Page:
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RE: [Moderator Action] Questions on Webdav Servers

From: Jim Whitehead <ejw@ics.uci.edu>
Date: Mon, 26 Jul 1999 10:52:20 -0700
To: WebDAV WG <w3c-dist-auth@w3.org>
Message-ID: <NDBBIKLAGLCOPGKGADOJOEBBCCAA.ejw@ics.uci.edu>
Kevin,

Thanks for posting your questions!

Kevin Wiggen writes:
> 1)  When a PUT/MKCOL/DELETE/MOVE/COPY occur and the PARENT is locked, what
> should the correct response be??  Should it be 423 locked?  412
> pre-condition failed.  And is it different if its a PUT/MKCOL/DELETE vrs a
> MOVE/COPY??

Good point.  Either choice is equally bad, since its unclear which resource
is causing the problem.  For example, if one chose to return a 423, then it
is unclear whether the 423 is due to the Request-URI being locked, or the
parent being locked.

This is a generic problem with HTTP error reporting -- each error should
give the status code, and the URL with which it's associated.  It should
also be possible to report multiple errors in a single message -- for
example, it might be the case that several simultaneous errors could be
occurring.

Fow now, I recommend using 423 (Locked), although we need to add a new
status code, 4xx (Parent Locked).  Though the language is a big unclear,
this is the intent of the discussion in the second paragraph of section 7.5
of RFC 2518 (which states that 423 Locked should be used).

> 2)  Section 9.6 "...If the Overwrite Header is not included in a COPY/MOVE
> request then the resource MUST treat the request as if it had an overwrite
> header of value 'T'".  This seems backwards to me (in fact I had it coded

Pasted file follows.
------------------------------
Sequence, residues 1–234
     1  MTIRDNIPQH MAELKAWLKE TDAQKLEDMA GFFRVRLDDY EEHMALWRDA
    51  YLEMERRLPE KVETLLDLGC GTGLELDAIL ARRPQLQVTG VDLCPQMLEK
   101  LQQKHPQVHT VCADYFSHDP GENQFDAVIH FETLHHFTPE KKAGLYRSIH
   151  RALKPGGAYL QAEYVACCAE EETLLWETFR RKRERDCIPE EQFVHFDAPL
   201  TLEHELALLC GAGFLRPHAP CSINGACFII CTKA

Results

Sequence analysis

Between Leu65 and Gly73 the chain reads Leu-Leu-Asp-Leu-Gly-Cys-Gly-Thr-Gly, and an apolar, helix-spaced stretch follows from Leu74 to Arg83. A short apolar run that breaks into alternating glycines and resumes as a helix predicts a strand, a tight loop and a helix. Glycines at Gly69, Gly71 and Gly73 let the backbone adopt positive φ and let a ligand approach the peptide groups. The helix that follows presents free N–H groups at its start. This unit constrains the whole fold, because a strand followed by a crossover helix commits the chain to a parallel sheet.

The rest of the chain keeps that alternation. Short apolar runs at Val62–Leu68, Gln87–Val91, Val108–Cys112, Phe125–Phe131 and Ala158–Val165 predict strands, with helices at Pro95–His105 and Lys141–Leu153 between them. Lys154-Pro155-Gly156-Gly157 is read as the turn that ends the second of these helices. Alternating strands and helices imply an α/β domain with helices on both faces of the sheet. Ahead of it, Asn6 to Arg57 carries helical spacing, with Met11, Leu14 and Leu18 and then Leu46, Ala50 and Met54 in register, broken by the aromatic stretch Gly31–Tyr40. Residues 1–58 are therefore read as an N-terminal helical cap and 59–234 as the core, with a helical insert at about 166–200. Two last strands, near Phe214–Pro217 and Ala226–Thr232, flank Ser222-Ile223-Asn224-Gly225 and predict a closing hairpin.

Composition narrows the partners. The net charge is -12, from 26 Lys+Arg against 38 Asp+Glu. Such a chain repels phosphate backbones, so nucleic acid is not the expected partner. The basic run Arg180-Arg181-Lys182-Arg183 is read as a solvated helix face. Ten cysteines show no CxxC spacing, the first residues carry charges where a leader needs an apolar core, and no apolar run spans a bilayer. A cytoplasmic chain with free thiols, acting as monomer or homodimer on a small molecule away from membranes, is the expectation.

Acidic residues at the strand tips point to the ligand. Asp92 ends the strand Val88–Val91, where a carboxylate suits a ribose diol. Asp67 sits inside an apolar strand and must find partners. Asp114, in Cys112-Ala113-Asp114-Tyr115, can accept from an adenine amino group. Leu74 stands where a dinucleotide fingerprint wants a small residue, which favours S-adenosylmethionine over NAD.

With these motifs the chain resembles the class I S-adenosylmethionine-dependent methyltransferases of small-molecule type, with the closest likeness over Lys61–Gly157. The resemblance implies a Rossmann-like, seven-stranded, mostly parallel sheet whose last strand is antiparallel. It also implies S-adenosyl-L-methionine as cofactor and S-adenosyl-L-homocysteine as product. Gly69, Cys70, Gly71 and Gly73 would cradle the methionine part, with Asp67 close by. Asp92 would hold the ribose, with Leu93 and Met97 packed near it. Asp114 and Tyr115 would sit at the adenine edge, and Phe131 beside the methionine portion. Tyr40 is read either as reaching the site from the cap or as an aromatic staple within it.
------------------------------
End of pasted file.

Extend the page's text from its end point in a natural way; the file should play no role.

> the otherway until yesterday), since the overwrite will do a DELETE, is it
> not safer to assume a header of "F"???

Well, I'll note that you brought this up previously:
http://lists.w3.org/Archives/Public/w3c-dist-auth/1999AprJun/0053.html

And it has been noted on the issues list (issue:
OVERWRITE_DELETE_TOO_STRONG):
http://www.ics.uci.edu/pub/ietf/webdav/protocol/issues.html

I'm certainly willing to see this change as we move from Proposed to Draft
Standard.  For now, I'd expect user agents to protect users from
unexpectedly large effects.

> 3)  MOVE/COPY to a destination that is locked.  8.10.5 states "... a
> successful DELETE of a resource MUST cause all of its locks to be
> removed."
> and 8.8.4 states that overwrite set to T will do a DELETE....
> Then will the
> LOCK on the destination be lost??  This seems wrong to me.  If the
> destination is LOCKED, then after a MOVE/COPY which might delete the
> resource, I would assume the resource is still locked.

If the destination of a COPY/MOVE is locked, and you submit the lock token
of the destination lock in the If header, then the intent of RFC 2518 is
that the destination resource should be locked.  This is stated in the
second paragraph of section 7.7.

> 4)  I assume that a null resource can be created via a URL with a trailing
> slash and one without.  If I create one with a trailing slash,
> can I only do a MKCOL later?  If no trailing slash is sent, the server
probably needs to
> assume that the client might have just not sent the slash and
> allow a MKCOL or a PUT.  I think the spec should state that a NULL
RESOURCE can
> be created with a trailing slash or not, AND any NULL RESOURCE can take a
> MKCOL or PUT.
> (You already messed up some of the beauty of my server with Null
> Resources, I would hate to put even more if statements in to handle the
above....)

Two points.

First, if you want, your server can treat all requests on /foo and /foo/ as
applying to the collection resource /foo/.  The language in the 6th
paragraph of section 5.2 discusses this.  So, if you want, you can have both
/foo and /foo/ apply to the collection resource, returning the
Content-Location header in the response with a value of "/foo/" for requests
on /foo.

> If I create one with a trailing slash, can I only do a MKCOL later?

Hmm, it seems reasonable to me to allow PUT as well -- it would create a
collection and set its body, even though it has no children.

> If no trailing slash is sent, the server probably needs to
> assume that the client might have just not sent the slash and
> allow a MKCOL or a PUT.

In this case, I think the MKCOL should be refused.

- Jim
Received on Monday, 26 July 1999 14:02:08 GMT

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